The Legislature, at the urging of the commissioner of education and the governor, still want to penalize Maine towns that have chosen not to consolidate into large school districts. Even now, when nobody has any money, they persist in thinking that taking money from residents in some towns and giving to others is legitimate. The facts — and sound moral reasoning — do not justify their position. These penalties should be removed immediately.
Consider three facts that have surfaced since the consolidation law went into effect in June 2007.
First, the Department of Education “exempted” 54 school districts from having to consolidate. They did so, presumably, because these districts already were “efficient” and didn’t need to become “more efficient.” The truth: 48 percent of these districts were spending above the state average per pupil in 2007-08. And in 2006-07, 57 percent spent above the state average. By comparison, 58 percent of the districts required to pay penalties spent above the state average in 2007-08; 57 percent — the same proportion as the “exempts” — did in 2006-07.
The penalized towns are about as efficient as the exempt towns. So, how come they’re having money withheld by the state and the exempt towns are not?
Breaking down expenditures further for the 43 larger exempts: 30 percent of these “efficient” units paid more than the state average for their central office-superintendent in ’07-08; 40 percent paid more for school building administration; 42 percent paid more for special education instruction; 58 percent spent more for “student and staff support.”
Once again, why were these towns exempted from our school district efficiency requirements? If “inefficient” districts are being penalized, why are these exempts not included? Certainly not because they were more efficient.
Second, 39 percent of penalized towns spent less per pupil than the average exempt district in 2007-08. Some exempt towns spent more in ’07-08 than a number of the penalized towns. So much for the state’s attention to “efficiency” How much you spent to educate your children was not used to determine who was exempted from the law and who was not. Penalties are clearly not justified by the stated goals of this law.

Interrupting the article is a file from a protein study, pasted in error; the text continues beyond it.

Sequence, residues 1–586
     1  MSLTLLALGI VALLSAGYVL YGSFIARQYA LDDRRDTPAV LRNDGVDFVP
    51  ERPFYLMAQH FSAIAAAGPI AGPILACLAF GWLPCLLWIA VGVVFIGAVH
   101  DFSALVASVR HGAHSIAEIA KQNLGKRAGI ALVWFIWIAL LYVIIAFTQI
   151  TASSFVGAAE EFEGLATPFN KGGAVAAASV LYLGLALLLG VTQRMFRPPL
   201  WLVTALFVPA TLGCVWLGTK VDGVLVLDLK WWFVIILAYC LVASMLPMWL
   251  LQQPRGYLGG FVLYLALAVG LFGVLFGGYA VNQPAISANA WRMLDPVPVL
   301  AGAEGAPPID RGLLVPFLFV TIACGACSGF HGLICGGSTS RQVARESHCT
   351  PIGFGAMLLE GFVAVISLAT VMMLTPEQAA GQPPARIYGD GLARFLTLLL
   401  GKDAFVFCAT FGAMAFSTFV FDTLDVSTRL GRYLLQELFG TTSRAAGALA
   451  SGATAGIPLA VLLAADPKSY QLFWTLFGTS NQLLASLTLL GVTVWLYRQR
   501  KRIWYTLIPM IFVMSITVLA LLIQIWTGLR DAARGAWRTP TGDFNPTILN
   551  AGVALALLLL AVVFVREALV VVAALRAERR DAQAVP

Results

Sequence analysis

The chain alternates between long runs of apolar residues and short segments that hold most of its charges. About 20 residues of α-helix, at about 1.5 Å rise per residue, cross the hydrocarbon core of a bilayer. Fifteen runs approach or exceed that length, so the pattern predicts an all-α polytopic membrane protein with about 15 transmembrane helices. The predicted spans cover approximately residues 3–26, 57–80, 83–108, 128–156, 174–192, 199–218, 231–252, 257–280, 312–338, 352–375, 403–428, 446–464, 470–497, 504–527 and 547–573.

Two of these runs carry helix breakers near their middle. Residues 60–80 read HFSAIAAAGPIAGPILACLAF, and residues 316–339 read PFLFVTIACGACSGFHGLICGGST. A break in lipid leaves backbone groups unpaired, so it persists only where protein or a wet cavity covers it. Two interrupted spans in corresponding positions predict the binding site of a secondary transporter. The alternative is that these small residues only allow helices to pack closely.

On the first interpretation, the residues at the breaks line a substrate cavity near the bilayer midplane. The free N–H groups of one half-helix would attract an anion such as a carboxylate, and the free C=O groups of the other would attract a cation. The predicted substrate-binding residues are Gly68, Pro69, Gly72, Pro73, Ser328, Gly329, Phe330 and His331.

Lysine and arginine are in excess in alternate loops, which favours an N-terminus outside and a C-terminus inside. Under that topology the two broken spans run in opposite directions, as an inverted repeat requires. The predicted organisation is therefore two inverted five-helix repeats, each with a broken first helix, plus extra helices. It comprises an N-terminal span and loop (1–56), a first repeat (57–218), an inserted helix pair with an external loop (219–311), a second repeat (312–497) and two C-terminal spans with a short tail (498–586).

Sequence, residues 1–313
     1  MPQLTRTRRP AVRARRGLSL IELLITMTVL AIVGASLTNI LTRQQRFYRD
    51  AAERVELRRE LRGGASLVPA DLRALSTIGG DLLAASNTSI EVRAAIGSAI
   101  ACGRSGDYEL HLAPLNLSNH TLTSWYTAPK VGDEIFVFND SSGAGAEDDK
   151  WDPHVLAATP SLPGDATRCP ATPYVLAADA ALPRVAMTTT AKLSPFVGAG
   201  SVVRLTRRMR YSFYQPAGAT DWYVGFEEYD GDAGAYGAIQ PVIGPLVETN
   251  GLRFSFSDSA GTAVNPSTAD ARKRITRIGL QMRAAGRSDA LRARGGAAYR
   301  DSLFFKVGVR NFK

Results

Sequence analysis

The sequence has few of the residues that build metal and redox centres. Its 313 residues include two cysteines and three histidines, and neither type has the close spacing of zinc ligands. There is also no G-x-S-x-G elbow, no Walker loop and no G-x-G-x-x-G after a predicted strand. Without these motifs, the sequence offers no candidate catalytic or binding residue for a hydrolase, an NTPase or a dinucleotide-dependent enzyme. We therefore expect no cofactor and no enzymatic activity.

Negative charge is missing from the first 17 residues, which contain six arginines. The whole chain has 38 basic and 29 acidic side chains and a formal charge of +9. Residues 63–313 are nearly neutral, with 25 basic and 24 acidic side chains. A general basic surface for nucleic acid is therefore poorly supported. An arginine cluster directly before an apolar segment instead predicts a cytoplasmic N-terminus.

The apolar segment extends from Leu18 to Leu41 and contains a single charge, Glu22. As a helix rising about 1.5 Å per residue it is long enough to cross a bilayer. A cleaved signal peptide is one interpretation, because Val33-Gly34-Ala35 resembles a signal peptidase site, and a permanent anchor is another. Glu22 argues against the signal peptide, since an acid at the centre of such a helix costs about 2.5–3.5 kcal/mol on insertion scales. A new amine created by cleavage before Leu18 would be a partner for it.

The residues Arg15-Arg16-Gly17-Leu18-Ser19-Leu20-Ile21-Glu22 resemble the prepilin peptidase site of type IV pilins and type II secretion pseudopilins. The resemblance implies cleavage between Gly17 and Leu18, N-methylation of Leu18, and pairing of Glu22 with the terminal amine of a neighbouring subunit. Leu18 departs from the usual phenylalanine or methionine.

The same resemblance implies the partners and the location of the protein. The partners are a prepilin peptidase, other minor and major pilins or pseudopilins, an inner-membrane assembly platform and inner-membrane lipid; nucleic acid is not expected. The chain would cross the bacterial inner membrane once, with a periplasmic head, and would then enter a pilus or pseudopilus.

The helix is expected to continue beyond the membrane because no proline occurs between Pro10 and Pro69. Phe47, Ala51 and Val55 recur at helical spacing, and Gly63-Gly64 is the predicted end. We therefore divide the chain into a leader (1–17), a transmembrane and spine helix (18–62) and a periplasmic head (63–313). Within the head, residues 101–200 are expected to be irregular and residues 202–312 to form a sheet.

Third, and adding insult to the injury of a financial penalty, the exempt towns have been collecting substantially higher state funds in recent years than the penalized towns. Last year, the year before consolidation took effect, the exempt towns received from the state an average of $5,109 per student. The penalized towns received an average of $3,616. The state funded an average of 50.1 percent of exempt towns’ school budgets while funding only an average of 40.4 percent of penalized towns.
If the Legislature maintains the consolidation penalty, Maine towns that already receive less state funding will get less and the money they should receive will be paid to towns that already get more. All this when the residents of most Maine towns — including the vast majority of penalized towns in our more rural regions — are facing severe financial hardship.
These penalties are unjustifiable because the process for “exempting” some districts had no data-based rationale related to efficiency. They are unjustifiable because some penalized towns perform more efficiently than do some exempt towns. They are unjustifiable because, in taking from the poor and giving to the rich, the state creates greater inequity in state funding rather than less.
Let’s stop making a poor piece of legislation worse. Penalizing 120 Maine towns will not encourage consolidation. Instead, let’s put our meager resources into creating opportunities for all towns and districts to find efficiencies.
Gordon Donaldson is a professor of education at the University of Maine.